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The Warsaw Voice » Law » April 23, 2008
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Tender Together
April 23, 2008   
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Poland's dynamic economic growth has led to a massive increase in the number and size of public contracts. The European Union has a major role to play in this, providing funding to both public and private entities.

With big stakes like these, minor contractors may face an uphill struggle to satisfy the pre-conditions to qualify for tenders and could be squeezed out by their bigger rivals. They might like to consider joining forces with other businesses to create a level playing field.

Although the law guarantees all companies equal access to public procurement, in practice, especially with big or complicated investments, contractors cannot always meet the requirements of the awarding body on their own. Often the best way ahead is to find a business partner and set up a consortium.

A consortium works by having at least two entities formally undertaking to cooperate with the aim of winning a tender and completing the work. This form of cooperation has numerous advantages. First, it opens up tenders that would otherwise be out of reach on grounds of experience, financial strength, and staff and technical support. Consortia can overcome these issues by pooling their resources. L'union fait la force. A combination of "my money, your know-how" can go far. Obviously, the $64,000 question is finding a suitable and trusty partner. If one member of the consortium possesses sufficient qualifications to carry out the contract, the other partners do not generally need to have them. The detailed principles by which contractors may combine their commercial potential will be set out by the awarding body in the terms of reference.

A fully-functioning consortium can be formed simply and easily, assuming agreement can be reached among the members as to apportioning rights and tasks. A consortium is not a company, its assets need not be amalgamated, and it needs neither equity nor registration. It does not need to have a specific type of organizational structure. It is set up on the strength of an agreement that can take whatever shape its members wish. But it should be remembered that, under Polish law, the members of a consortium are jointly liable for the performance of a public contract. This liability cannot be excluded, which means that even if one member of the consortium discharges its obligations faultlessly, the awarding body can still hold that selfsame consortium member liable for any contractual failures caused by their consortium partners. The members of a consortium can set up different internal regulations concerning contractual liabilities, but these regulations will only have effect within the consortium itself.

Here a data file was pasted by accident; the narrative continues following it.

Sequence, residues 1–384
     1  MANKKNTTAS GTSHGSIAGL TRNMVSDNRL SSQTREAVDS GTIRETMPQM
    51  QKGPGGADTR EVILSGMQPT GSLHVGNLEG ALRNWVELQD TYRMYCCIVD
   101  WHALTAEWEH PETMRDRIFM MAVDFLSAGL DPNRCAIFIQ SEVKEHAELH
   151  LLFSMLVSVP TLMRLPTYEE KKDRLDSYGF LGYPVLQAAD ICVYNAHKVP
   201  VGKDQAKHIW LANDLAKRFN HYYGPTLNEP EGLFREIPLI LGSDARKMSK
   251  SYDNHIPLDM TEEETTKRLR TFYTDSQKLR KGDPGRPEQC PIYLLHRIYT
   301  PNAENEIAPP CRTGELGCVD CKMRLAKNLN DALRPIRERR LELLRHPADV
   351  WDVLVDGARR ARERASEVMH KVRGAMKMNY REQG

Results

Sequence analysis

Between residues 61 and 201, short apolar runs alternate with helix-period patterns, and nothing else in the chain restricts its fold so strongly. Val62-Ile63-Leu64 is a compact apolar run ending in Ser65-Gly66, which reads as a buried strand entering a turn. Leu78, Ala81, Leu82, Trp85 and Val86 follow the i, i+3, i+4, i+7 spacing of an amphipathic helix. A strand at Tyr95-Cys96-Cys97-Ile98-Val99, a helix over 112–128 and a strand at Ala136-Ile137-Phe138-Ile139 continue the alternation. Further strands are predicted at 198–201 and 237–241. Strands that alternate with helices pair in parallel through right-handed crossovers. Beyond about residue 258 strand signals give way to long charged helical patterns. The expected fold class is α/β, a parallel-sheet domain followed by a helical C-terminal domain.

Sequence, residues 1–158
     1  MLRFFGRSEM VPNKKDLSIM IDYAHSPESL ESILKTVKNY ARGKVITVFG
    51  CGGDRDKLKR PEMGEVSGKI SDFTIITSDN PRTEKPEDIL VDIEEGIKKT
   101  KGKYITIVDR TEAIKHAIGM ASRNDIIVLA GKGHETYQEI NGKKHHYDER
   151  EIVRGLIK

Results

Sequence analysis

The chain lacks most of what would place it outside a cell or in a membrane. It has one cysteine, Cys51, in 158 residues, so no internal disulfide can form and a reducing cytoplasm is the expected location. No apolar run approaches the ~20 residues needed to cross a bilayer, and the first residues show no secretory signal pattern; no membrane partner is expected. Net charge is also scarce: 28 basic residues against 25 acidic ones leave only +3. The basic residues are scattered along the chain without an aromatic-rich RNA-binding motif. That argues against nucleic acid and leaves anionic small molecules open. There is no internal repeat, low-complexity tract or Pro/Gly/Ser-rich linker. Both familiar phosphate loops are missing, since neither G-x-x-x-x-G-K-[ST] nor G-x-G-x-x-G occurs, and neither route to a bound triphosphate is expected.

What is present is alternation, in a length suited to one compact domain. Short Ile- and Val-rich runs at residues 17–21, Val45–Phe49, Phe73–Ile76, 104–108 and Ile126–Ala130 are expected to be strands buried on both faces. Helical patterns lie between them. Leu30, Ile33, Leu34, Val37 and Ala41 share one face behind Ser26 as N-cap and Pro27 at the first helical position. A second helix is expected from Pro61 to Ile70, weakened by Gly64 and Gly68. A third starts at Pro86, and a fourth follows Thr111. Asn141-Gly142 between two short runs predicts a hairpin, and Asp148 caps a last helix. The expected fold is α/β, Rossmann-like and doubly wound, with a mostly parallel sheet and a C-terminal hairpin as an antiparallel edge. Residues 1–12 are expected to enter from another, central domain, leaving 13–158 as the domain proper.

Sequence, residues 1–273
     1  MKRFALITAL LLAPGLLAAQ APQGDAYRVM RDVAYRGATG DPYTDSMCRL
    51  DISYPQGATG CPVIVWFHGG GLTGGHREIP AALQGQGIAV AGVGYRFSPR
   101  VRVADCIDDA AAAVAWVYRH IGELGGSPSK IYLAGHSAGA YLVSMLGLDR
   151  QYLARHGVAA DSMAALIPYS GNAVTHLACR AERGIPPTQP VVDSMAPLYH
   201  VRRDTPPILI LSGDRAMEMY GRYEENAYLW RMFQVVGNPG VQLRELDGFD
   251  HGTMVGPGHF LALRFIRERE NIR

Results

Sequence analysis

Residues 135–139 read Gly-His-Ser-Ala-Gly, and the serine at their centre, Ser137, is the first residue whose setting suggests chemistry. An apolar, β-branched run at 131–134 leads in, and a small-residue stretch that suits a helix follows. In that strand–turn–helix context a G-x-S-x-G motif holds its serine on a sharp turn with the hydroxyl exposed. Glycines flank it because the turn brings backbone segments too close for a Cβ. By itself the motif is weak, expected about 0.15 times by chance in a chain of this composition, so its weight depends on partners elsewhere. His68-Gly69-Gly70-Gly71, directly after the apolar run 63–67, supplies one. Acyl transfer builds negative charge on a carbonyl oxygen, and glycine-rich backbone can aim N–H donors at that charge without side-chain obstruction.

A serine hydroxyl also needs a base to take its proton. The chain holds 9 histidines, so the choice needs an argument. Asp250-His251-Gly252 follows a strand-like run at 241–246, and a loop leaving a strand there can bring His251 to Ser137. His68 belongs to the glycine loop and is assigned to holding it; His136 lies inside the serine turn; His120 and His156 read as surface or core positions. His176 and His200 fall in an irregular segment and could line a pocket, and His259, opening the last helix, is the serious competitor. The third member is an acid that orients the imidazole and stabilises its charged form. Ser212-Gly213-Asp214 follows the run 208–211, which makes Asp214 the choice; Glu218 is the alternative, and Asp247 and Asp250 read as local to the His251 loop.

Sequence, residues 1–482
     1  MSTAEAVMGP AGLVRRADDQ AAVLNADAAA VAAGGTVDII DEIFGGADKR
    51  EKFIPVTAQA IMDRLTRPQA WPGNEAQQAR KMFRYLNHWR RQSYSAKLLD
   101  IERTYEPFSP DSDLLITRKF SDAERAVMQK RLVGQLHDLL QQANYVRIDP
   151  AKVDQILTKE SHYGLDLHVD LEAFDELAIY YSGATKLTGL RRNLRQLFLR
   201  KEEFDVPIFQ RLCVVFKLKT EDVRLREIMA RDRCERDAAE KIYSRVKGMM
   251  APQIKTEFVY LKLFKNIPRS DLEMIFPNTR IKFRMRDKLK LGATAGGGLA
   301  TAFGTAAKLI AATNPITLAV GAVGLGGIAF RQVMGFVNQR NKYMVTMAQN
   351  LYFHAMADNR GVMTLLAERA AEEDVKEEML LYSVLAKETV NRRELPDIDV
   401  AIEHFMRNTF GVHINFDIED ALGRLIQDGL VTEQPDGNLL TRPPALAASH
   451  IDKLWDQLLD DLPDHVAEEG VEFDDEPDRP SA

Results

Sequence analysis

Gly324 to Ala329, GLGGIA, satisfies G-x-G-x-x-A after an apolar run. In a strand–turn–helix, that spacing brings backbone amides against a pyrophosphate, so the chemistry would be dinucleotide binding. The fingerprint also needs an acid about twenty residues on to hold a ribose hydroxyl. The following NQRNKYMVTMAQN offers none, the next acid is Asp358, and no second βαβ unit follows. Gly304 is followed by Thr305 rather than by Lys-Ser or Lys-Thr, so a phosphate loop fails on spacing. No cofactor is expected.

Polish public procurements are attracting increasing interest from companies elsewhere in the EU. They can put in bids on the same terms as Polish firms, although it sometimes happens that companies from other EU countries set up single-purpose subsidiaries to win and perform a particular tender. A newly-formed company, however, does not have much of a chance of winning a big procurement contract since it lacks the required experience. The references of an EU parent company do not devolve onto a Polish subsidiary. It would be better to set up a consortium.

Firms that form consortiums and make joint bids for public procurements should nominate a proxy. For this purpose they may choose a leader from among themselves. The proxy can also be an entity that does not belong to the consortium. There is nothing that prevents several proxies being appointed. As a minimum, a proxy should be able to represent the consortium in the tender proceedings. It may also be given the power to conclude a contract with the awarding body. The proxy will handle tender correspondence with the awarding body and receive declarations on behalf of the consortium. Contractors should exercise exceptional care in drafting the terms of their proxies since these terms are one of the few documents that cannot be supplemented afterwards. Presenting an invalid authorization to the awarding body will trigger a definitive rejection of the consortium's bid.

Going down the consortium road facilitates access to the market for many companies. It certainly deserves a second look by subcontractors. However, do choose your partners wisely, because if your partner is excluded from the proceedings, you get disqualified too.

Aldona Kowalczyk
Anna Rudowald
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